1) What guidelines do the City of Jackson follow in installing street signs, traffic signals, and pavement markings?
The City of Jackson installs all signs, signals, and pavement markings in accordance to guidelines established in the Manual of Uniform Traffic Control Devices.
2) Who should I call if a stop sign is knocked down or a traffic signal is not working?
To report a knocked down stop sign, call Traffic Maintenance at (601) 960-1757 Monday through Friday, 7 AM until 4 PM. To report a knocked down stop sign after hours or on holidays, call the Jackson Police Department at (601) 960-1234.
3) Can an All Way Stop reduce speeding and the number of accidents in our neighborhoods?
No. Experience shows that unjustified stop signs reduce the effectiveness of justified stop signs at other intersections and cause motorists frustration when they are forced to stop for no apparent reason. Often, unjustified stop signs are ignored by motorists which can be more dangerous than speeding; therefore, it is the City of Jackson's policy not to install stop signs to control speeding. This is also in conformance with the MUTCD which states specifically "stop signs should not be used for speed control." The following criteria should be considered in an engineering study for a multiway STOP sign installation:
- (A) Where traffic control signals are justified, the multiway stop is an interim measure that can be installed quickly to control traffic while arrangements are being made for the installation of the traffic control signal.
- (B) A crash problem, as indicated by 5 or more reported crashes in a 12-month period that are susceptible to correction by a multiway stop installation. Such crashes include right- and left-turn collisions as well as right-angle collisions.
- (C) Minimum volumes:
The vehicular volume entering the intersection from the major street approaches (total of both approaches) averages at least 300 vehicles per hour for any 8 hours of an average day, and
The combined vehicular, pedestrian, and bicycle volume entering the intersection from the minor street approaches (total of both approaches) averages at least 200 units per hour for the same 8 hours, with an average delay to minor-street vehicular traffic of at least 30 seconds per vehicle
during the highest hour, but
If the 85th-percentile approach speed of the major-street traffic exceeds 40 mph, the minimum vehicular volume warrants are 70 percent of the above values.
(D) Where no single criterion is satisfied, but where Criteria B, C.1, and C.2 are all satisfied to 80 percent of the minimum values. Criterion C.3 is excluded from this condition.
(E) Other criteria that may be considered in an engineering study include:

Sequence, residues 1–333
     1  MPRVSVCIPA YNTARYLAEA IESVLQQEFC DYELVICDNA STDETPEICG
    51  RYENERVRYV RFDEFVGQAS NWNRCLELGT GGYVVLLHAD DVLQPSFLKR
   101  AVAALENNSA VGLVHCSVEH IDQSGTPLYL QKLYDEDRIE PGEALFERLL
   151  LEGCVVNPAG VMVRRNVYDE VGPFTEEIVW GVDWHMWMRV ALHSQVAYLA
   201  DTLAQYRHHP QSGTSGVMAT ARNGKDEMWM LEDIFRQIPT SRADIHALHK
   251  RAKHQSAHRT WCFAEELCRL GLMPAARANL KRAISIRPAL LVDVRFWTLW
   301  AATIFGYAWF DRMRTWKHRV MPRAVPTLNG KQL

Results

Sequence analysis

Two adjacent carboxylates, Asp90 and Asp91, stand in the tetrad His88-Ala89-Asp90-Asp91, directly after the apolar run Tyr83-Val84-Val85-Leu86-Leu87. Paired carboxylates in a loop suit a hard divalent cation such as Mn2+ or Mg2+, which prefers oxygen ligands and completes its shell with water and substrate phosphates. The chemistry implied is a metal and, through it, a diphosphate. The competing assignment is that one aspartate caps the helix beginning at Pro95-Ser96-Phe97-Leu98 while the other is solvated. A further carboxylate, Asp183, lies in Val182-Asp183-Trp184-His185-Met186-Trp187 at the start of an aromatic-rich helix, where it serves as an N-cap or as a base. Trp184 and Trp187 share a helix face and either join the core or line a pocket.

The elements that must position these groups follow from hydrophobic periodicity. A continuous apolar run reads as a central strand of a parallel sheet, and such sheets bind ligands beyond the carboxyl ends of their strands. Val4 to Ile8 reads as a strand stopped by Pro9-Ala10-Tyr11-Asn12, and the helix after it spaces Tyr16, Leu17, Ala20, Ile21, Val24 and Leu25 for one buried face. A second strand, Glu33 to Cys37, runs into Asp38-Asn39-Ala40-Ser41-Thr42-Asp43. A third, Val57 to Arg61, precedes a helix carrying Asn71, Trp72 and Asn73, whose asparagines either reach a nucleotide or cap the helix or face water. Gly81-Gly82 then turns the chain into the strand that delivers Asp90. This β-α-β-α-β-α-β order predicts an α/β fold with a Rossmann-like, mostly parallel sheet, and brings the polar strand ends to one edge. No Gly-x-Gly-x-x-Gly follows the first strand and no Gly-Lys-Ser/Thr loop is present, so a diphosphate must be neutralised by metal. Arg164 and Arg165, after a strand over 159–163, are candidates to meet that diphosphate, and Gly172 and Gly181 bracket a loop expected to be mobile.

The need to control vehicle/pedestrian conflicts near locations that generate high pedestrian volumes;
Locations where a road user, after stopping, cannot see conflicting traffic and is not able to reasonably safely negotiate the intersection unless conflicting cross traffic is also required to stop;
An intersection of two residential neighborhood collector (through) streets of similar design and operating characteristics where multiway stop control would improve traffic operational characteristics of the intersection
4) Will a "Children At Play" sign help protect our children?
Studies show no evidence that these signs prevent injury or decrease the speed of vehicles. The signs are also deceptive for children and give parents a false sense of security. There is an all too common misconception that these signs provide an added degree of protection when motorists, particularly local motorists who are used to seeing the signs, actually pay little attention to them. Since children live on nearly every residential block, if used, the signs would have to be placed on each street. Blocks with no signs might imply that no children live there, so motorists don't have to watch out. Motorists should always watch for children in any neighborhood.
Children should not be encouraged to play in the street. The children at play sign is an open suggestion that it is acceptable to do so.
For these reasons, "Children At Play" signs were removed from the MUTCD and are no longer standard signs. To address pedestrian safety, specific warning signs for school zones, pedestrian crossings, playgrounds and other recreational areas are used where clearly justified.
5) The streetlight on my corner is out. Were do I report this?
Report streetlights that are out to Entergy at (800) 9OUTAGE or (800) 968-8243. Entergy will need the streetlight number on the pole to know the exact location.
Streetlights that are out may also be reported to City of Jackson Code Services at (601) 960-1159.